Meaka Ford saw the "grand opening" banner atop the Shrimp Boat restaurant yesterday and walked into what she thought was the rebirth of the once-popular carryout and Northeast Washington landmark.
Instead of the salty but tantalizing aroma of fried shrimp, steamed crabs and breaded fish that once drew a regular stream of customers to the Shrimp Boat, she discovered that the current menu consists of videotaped films for rent, videocassette recorders and television sets.
The Shrimp Boat, at East Capitol Street and Benning Road, yesterday became a Video Channel outlet.
"I came in here for something to eat," a dismayed Ford told store owner Ray Mott, who also owns Raven Systems and Research Inc., an information processing firm in Southwest Washington. "I want a fish sandwich. I'm hungry, and you know I can't eat these movies."
Mott told her soothingly: "This is the second coming of the Shrimp Boat, dear. This is Video Channel at the Shrimp Boat. We've left the old name on the building."
"And look," he added, pointing to the kitchen equipment at the west end of the store, "you'll be able to buy a fish sandwich here soon."
"Well, okay, but it's not the same," said Ford. Mott understood.
"People were concerned that the Shrimp Boat would not be remembered as the landmark that it was," Mott explained, as youngsters on bicycles and grandmothers walking small children trouped through the store yesterday, attracted by the ribbons, posters and balloons. "There aren't many people who have been in D.C. for any length of time who didn't come here to buy some fish or crabs to eat."
Where once there was a large kitchen that served up as many as 12,000 hot steamed crabs a week, visitors yesterday found shelves of videocassette movie recordings.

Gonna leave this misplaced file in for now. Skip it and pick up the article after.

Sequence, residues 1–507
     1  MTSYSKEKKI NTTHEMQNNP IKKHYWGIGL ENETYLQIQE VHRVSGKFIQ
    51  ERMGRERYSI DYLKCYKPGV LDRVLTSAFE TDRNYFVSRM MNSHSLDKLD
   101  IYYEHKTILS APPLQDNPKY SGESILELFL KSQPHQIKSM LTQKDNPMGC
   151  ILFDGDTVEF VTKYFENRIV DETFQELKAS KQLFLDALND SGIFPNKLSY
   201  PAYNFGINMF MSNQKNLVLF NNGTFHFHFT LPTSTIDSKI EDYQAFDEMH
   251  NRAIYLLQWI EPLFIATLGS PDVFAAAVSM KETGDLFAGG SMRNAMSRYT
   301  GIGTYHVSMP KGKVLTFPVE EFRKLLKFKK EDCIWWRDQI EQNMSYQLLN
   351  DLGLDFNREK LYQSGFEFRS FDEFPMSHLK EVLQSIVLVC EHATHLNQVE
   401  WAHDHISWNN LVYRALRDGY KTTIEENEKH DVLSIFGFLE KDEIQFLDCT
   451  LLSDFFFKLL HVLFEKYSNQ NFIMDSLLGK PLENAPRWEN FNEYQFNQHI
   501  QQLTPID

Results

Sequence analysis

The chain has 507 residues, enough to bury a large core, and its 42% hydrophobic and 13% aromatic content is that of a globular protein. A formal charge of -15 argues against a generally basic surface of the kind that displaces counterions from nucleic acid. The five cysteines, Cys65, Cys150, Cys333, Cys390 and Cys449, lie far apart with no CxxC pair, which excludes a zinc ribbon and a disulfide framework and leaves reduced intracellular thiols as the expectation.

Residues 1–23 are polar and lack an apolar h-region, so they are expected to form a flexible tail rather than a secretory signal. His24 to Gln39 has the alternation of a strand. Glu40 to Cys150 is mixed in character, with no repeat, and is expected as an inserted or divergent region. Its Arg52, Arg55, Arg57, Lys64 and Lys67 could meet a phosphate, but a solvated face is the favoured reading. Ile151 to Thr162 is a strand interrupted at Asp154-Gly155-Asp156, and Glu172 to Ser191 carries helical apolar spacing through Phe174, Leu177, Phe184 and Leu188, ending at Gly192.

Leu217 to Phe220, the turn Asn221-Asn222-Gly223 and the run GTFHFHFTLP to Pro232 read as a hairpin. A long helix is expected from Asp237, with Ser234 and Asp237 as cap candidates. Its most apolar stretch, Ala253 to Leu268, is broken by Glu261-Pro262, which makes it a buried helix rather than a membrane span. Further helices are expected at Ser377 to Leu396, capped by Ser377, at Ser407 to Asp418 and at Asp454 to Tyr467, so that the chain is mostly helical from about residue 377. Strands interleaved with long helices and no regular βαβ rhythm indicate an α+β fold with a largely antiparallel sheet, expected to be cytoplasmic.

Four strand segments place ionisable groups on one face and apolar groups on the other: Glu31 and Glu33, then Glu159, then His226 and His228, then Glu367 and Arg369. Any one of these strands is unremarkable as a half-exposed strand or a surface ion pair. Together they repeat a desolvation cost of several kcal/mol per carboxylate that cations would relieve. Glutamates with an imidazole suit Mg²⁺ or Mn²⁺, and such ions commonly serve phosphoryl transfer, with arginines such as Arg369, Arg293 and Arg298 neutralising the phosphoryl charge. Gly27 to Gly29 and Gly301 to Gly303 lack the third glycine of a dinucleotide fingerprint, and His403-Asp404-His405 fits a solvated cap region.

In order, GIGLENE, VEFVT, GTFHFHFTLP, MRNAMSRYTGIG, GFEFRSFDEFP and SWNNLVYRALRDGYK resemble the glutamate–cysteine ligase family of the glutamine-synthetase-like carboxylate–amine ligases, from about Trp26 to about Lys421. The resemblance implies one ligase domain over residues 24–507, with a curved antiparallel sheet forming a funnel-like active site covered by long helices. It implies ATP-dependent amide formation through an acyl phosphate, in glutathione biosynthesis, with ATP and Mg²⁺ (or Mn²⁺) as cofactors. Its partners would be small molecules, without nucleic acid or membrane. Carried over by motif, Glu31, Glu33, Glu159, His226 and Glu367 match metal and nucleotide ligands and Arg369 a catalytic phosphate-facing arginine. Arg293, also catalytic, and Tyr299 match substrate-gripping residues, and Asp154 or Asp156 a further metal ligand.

Linda Matthews, who lives a few blocks away on E Street SE, started working as a sales clerk in the new store yesterday, continuing the Shrimp Boat tradition in her family.
"My father used to talk about this place all the time," she recalled. "When he was younger, everybody used to go out and party, and stop by here for food. It was open 24 hours and everybody used to come here. It was a 'happening' spot; everybody wanted to be seen here. This the video store should be a happening, too."
For nearly 30 years the Shrimp Boat, with the neon outline of its namesake perched on the front of the white cinderblock building, was an important gathering place east of the Anacostia River.
"If anybody was coming to my house, the first thing I would say is: 'Do you know where the Shrimp Boat is?' " former city council member Willie Hardy recalled a few years ago. She still lives in the Fort Chaplin neighborhood that cradles the revamped ship.
But the Shrimp Boat closed in 1981, the victim of the housing decay and increased crime that swept the neighborhood.
Mott has opened this fourth store of his video chain in a neighborhood that attracts few new businesses other than fast-food outlets.
Cherry Heard visited the store yesterday with two grandchildren because she remembers the old Shrimp Boat.
"I've been living here since 1948," she said. "The Shrimp Boat used to be the place over here. It was charming. It was clean and the food was always fresh. I miss the place a lot, but we needed a change of pace. There's something here for the whole family: the kids, the young people and the old folks like myself . . . . I watch movies all day long, sometimes."